A convenient death for Boeing: whistleblower dead by apparent suicide

Decades ago, Sen. Henry Scoop” Jackson (D-WA) had the nickname of being the Senator from Boeing.” Boeing then had an enormous aircraft manufacturing plant in Washington State where the workers were unionized.

Not too many years ago, Boeing built a very large plant at Charleston, SC. One of the reasons for moving there was the workforce would be largely non-union. Sen. Lindsey Graham (R-SC) had a large part in attracting Boeing to locate there.

Aircraft malfunctions—such as a door coming off in mid-flight and a tire coming off on take-off being recent examples—have begun to alarm and make many people wary of flying lately.

Now, most curiously, a man who had worked 30 years at Boeing and had a lawsuit against Boeing over aircraft safety issues was found dead of an apparent” suicide—on the day his court case was to begin! Uh-huh, if you believe that, we’ve got some waterfront property in Death Valley to sell you.

This story by Caden Pearson broke just today in the Epoch Times. Here are a few excerpts with all emphasis and comments in [brackets] mine.

QUOTE: John Barnett, a whistleblower who had been involved in a lawsuit against Boeing, died of an apparent suicide, according to officials in South Carolina.

The 62-year-old was found dead from what appears to be a self-inflicted gunshot wound,” the Charleston County Coroner’s office told The Epoch Times in a statement…

Mr. Barnett, who had served over 30 years at Boeing until 2017, had become a vocal critic of the company’s safety and production quality practices. At the time of his death, he was a key witness in a whistleblower lawsuit against Boeing, in which he claimed the company retaliated against him for repeatedly reporting defects.

His body was discovered in a vehicle on the same day he was scheduled to appear in court… The aircraft manufacturer did not comment on the allegations made by Mr. Barnett.

In a recent live-streamed interview on TMZ, Mr. Barnett, who carried out safety checks and oversaw aircraft production, raised concerns about Boeing’s quality control issues, specifically within the 737 and 787 aircraft programs. He claimed that the removal of inspection operations from jobs had led to defects and safety problems.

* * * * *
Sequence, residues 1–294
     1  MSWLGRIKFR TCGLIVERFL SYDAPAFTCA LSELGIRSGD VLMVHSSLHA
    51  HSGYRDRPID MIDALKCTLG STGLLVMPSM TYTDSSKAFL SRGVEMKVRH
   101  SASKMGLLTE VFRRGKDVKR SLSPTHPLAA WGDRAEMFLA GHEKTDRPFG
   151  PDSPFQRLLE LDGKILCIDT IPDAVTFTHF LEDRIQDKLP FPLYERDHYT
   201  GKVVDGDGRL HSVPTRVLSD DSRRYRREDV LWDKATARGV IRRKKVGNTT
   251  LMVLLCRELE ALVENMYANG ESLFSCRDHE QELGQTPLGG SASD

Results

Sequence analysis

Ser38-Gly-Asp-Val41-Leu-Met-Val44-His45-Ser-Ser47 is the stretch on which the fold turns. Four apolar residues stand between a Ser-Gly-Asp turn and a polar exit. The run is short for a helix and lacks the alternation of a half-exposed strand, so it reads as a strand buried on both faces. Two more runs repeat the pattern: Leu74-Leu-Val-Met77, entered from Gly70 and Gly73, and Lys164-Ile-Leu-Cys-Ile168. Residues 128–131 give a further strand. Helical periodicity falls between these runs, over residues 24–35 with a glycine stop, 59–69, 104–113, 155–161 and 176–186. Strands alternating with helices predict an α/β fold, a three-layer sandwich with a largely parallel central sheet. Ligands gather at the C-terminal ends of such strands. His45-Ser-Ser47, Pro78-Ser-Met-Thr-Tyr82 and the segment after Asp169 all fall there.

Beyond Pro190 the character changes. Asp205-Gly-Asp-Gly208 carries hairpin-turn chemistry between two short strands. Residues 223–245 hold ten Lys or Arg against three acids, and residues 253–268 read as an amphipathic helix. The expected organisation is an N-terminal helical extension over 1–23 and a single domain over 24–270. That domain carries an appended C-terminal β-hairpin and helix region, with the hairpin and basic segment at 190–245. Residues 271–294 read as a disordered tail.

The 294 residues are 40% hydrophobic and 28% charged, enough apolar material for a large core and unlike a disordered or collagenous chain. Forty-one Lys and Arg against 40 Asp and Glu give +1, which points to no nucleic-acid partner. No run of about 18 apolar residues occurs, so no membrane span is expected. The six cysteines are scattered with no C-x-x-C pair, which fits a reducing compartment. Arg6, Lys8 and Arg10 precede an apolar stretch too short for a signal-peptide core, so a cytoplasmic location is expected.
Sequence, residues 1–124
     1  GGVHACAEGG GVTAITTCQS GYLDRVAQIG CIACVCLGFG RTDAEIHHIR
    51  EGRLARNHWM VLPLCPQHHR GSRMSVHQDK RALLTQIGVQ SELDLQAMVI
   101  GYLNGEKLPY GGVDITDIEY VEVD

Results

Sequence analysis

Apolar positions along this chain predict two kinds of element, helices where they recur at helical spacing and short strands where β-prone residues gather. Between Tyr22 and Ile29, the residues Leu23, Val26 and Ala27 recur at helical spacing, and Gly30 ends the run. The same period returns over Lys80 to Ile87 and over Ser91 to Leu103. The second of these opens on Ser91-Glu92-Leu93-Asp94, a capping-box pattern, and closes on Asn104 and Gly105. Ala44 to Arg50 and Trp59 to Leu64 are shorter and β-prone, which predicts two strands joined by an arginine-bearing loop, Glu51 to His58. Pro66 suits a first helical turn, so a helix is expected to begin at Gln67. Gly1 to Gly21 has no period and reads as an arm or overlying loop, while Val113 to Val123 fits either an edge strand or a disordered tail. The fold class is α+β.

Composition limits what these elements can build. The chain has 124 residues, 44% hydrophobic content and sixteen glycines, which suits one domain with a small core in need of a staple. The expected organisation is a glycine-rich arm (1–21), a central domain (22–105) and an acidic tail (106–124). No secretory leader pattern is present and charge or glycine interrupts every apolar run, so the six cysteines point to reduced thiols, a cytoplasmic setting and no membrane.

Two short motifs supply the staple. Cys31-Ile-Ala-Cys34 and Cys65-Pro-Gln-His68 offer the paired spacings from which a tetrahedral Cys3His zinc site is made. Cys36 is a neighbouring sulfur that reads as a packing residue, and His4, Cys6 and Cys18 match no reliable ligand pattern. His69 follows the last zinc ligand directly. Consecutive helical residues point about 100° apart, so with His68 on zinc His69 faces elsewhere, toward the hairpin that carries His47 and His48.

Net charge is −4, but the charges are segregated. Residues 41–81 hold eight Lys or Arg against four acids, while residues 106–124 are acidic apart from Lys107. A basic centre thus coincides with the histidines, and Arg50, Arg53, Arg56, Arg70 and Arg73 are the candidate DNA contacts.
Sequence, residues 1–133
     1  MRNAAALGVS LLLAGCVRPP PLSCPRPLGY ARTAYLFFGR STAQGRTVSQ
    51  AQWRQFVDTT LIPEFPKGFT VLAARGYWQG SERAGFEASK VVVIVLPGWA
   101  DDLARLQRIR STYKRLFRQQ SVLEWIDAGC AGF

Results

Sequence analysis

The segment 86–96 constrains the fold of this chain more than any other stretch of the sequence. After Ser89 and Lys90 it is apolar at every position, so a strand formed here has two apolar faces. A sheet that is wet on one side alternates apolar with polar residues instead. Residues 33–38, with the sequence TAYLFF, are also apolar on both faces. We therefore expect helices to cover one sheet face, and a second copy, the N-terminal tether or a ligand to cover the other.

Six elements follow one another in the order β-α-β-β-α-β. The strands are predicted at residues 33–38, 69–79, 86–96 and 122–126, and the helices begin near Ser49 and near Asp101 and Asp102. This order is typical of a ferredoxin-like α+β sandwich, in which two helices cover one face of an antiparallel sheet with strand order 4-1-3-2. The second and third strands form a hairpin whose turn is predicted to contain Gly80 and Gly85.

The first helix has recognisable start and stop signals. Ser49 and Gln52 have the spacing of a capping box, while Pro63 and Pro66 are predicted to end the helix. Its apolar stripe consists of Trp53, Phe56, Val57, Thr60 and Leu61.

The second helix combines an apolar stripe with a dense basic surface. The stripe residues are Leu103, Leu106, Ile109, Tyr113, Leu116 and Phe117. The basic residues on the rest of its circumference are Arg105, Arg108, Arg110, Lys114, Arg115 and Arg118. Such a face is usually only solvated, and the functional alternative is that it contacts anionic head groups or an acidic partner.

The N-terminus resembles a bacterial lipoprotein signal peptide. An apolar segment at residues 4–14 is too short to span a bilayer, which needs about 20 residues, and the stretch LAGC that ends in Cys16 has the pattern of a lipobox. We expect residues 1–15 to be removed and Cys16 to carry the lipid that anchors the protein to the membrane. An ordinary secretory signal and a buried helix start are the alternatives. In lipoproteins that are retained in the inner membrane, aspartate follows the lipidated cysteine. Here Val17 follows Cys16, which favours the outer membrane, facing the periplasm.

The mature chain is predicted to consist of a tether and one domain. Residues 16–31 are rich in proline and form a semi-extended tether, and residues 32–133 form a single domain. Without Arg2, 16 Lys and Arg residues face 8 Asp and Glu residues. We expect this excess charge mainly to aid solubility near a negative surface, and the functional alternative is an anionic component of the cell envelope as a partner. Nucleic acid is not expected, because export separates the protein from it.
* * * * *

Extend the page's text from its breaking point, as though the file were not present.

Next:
Mr. Barnett pointed to a recent high-profile incident involving a door plug blowout on an Alaska Airlines flight, asserting that this may not be an isolated occurrence and that the entire airplane could have quality control issues.

This is not a 737 problem; it’s a Boeing problem,” Mr. Barnett said.

The door plug blowout on an Alaska Airlines Boeing 737 Max 9 while mid-air on Jan. 5 forced an emergency landing and led to the temporary grounding of such aircraft and intense scrutiny of Boeing by federal regulators.

According to a report by the National Transportation Safety Board, the panel covering an unused door came off during flight because four bolts that were supposed to be holding it in place were missing.

Boeing admitted in mid-January that its 737 Max production quality wasn’t up to standard and soon after ousted Ed Clark, who headed the 737 Max program. The company said the ousting comes as part of an increased focus on safety.

The incident led the Federal Aviation Administration (FAA) to ground all 737 Max 9s, order enhanced inspections” on the planes, and launch an investigation into Boeing to see if the company failed to ensure proper production safety standards.

Boeing stated in January that it was cooperating fully with the probe.

However, Mr. Barnett said his concerns were greater than the door plug blowout, expanding to the overall condition of Boeing airplanes due to the elimination of inspection operations. He alleged that Boeing had removed these operations, leaving mechanics to handle their own work, resulting in incomplete and improperly inspected jobs

The whistleblower recounted an experience in 2012 when he claimed to have identified roughly 300 defects at a supplier, Spirit Aerosystems, only to discover later that inspectors sent after him were given limited time and were lauded for finding fewer issues. This raised questions about the integrity of Boeing’s quality control procedures, according to Mr. Barnett.

As investigations continue into Mr. Barnett’s death, the aviation industry and federal authorities have ramped up scrutiny of Boeing.

Earlier this month, the FAA said that its audit of Boeing found multiple instances” where the company allegedly failed to comply with manufacturing quality control requirements.

The FAA identified non-compliance issues in Boeing’s manufacturing process control, parts handling and storage, and product control,” the aviation regulate stated.

U.S. Transportation Secretary Pete Buttigieg has said that Boeing is under rigorous scrutiny. END QUOTE

Good thing we have Mayor Pothole” Pete on the job, huh?

Frankly, we do not expect things to improve until DJT is back in the White House and replaces the incompetent and worse who inhabit the deep swamp” of regulators who are supposed to assure that all modes of national transportation are safe.

The article in the Epoch Times is linked here. The full story is archived here.

-END-



Date
March 12, 2024


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